Last night during the Emmys, long before the touching Robin Williams’ tribute, I started to cry. And not because I realized I now have Kathy Bates’ physique, but because I realized that it is getting less and less likely that I am going to make my dream of becoming a writer for Saturday Night Live come true.
Now, in my experience there are two different types of dreams. The kind you love to fantasize about on rainy days, but realize on some deep level, will never come true and wouldn’t make you happy if they did. For example, being able to fly. Seriously, you’d have to get all your clothes tailored and wings would be hell to keep clean and you’d either have to sleep on your stomach or alone since they’d take up most of the bed.
Then, there are the dreams that, no matter how lofty, you know are...or were...achievable. The ones that you know you could have made come true if you’d just been in the right place at the right time, or worked a little harder, or made different life decisions. Those dreams--the ones you really, potentially could have made them come true, but didn't--are the ones that are hard to swallow—at least, without puking them back up.
In my mid-twenties, I was in New York City. I was meeting people. I was going places. My work was being produced at comedy joints like The Duplex. Then, I came back to Lexington to make a film. And, not just any film…the film that was going to propel me into the career I so desired. Then, the investor dropped out. So, I drained my bank accounts to pay off the cast and crew. The experience not only knocked all the wind out of my sails, but ripped them into rags. I gave up on myself. And, I gave up on my dream of becoming a successful NYC comedy writer. Worse, I stopped allowing myself to dream big altogether. For the last twenty years, I’ve kept my dreams small and manageable. And, I have suffered for it.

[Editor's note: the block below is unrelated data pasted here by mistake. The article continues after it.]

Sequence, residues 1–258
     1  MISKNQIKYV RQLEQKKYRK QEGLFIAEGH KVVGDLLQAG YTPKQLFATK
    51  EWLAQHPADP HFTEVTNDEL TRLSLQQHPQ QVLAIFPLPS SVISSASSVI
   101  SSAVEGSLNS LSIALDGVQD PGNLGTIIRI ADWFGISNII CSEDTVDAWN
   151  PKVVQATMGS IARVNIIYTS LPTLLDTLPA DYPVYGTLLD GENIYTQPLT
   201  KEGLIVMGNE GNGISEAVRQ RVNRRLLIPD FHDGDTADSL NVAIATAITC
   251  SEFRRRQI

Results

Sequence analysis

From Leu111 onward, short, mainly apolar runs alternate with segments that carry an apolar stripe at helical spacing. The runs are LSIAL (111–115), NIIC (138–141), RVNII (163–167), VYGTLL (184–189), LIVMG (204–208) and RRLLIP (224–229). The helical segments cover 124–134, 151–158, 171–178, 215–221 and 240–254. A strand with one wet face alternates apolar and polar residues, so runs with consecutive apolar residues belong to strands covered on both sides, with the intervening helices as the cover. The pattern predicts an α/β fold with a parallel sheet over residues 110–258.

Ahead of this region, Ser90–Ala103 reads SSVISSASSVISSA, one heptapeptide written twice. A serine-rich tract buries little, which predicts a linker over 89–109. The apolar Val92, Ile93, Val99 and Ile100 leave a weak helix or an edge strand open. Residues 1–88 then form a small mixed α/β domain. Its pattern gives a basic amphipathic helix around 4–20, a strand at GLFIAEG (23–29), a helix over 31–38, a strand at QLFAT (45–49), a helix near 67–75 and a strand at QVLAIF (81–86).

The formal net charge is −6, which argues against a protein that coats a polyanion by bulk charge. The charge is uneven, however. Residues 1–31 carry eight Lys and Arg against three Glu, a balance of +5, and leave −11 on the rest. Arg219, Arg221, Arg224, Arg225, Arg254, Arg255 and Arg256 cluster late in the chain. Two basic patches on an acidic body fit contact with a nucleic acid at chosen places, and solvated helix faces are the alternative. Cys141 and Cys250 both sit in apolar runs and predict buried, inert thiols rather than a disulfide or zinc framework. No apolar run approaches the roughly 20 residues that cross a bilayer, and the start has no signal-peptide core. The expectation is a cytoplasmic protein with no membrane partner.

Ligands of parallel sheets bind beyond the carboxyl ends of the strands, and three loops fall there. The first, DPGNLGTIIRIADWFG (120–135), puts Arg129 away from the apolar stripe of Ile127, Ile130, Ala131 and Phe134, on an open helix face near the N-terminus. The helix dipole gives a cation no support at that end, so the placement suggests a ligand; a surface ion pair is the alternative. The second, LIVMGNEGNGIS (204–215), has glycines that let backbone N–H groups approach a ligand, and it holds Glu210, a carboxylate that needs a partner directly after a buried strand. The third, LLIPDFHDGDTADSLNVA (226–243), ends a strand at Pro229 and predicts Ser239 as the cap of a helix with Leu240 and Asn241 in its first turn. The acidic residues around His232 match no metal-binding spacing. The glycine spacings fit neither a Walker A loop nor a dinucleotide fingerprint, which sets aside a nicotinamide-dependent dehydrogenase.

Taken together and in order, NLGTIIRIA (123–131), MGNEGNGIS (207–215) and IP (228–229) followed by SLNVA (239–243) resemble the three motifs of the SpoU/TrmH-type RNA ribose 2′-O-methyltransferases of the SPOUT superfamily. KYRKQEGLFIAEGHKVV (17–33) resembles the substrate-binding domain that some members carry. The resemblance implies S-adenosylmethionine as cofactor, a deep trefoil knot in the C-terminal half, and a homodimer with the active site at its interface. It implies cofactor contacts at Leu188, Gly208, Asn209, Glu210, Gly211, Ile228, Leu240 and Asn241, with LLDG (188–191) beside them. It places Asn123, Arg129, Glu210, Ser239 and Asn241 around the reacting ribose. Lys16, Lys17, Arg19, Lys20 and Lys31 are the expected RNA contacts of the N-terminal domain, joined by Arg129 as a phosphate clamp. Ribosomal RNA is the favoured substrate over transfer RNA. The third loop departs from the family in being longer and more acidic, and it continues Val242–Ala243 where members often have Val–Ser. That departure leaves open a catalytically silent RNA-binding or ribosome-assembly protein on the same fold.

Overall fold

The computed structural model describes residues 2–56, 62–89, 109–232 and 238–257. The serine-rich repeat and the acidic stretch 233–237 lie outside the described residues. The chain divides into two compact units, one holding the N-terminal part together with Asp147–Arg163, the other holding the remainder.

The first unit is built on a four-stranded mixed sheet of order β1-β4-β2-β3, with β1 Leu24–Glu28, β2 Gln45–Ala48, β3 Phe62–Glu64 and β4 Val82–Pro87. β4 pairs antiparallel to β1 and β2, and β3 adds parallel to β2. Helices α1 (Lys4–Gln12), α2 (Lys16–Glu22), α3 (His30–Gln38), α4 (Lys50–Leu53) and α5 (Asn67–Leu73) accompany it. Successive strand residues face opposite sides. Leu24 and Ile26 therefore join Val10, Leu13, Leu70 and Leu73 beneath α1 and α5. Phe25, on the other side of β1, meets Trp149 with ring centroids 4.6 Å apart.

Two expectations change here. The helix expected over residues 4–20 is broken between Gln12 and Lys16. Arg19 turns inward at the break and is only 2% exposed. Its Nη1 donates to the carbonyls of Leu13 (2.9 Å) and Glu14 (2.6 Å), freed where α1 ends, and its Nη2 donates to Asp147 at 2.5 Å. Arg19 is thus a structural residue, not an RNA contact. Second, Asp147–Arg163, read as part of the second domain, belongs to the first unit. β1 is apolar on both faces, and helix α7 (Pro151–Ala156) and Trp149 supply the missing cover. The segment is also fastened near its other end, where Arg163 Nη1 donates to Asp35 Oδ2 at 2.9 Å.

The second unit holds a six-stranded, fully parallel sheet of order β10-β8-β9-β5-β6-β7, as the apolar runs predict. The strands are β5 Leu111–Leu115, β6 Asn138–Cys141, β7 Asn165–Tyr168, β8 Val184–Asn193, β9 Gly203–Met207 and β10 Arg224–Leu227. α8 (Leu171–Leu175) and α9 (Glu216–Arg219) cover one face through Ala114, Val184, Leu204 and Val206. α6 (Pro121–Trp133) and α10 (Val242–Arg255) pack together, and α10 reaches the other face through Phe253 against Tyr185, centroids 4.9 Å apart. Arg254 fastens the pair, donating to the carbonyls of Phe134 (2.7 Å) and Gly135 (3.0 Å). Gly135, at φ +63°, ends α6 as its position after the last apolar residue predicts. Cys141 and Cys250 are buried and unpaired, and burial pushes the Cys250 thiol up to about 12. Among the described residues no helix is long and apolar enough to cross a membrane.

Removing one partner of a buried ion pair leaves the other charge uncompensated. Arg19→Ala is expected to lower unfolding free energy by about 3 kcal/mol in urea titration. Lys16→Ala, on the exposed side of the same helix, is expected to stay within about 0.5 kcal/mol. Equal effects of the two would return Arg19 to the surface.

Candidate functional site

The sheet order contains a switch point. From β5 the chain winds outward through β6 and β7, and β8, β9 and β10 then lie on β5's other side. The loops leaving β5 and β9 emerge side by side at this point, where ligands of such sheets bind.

This leads me to one of the happiness habits from the Huffington Post article. It claimed that, as a rule, happy people are resilient people. Depressed people are those who give up on their dreams and succumb to failure.
Then during the acceptance speech for Outstanding Writing for a Miniseries, Movie or a Dramatic Special, I had an epiphany. I could still accomplish that. I’m 46, not dead. I could still win an Emmy. Why the hell not? After all, I can still type. I wiped the tears from my eyes—which burned like hell, since I’d been drowning my sorrows in salted, buttered popcorn and still had residue on my fingers—and decided that I don’t want to be a Dream Quitter. I’d rather die trying to accomplish something amazing even if I don’t succeed, than to live without trying.
For in the words of Mark Twain, “Twenty years from now you will be more disappointed by the things you didn’t do than by the ones you did. So throw off the bowlines. Sail away from the safe harbor. Catch the trade winds in your sails. Explore. Dream. Discover.”
the bourbonistA, Promoting Debauchery and stamping out political-correctness one blog at a time.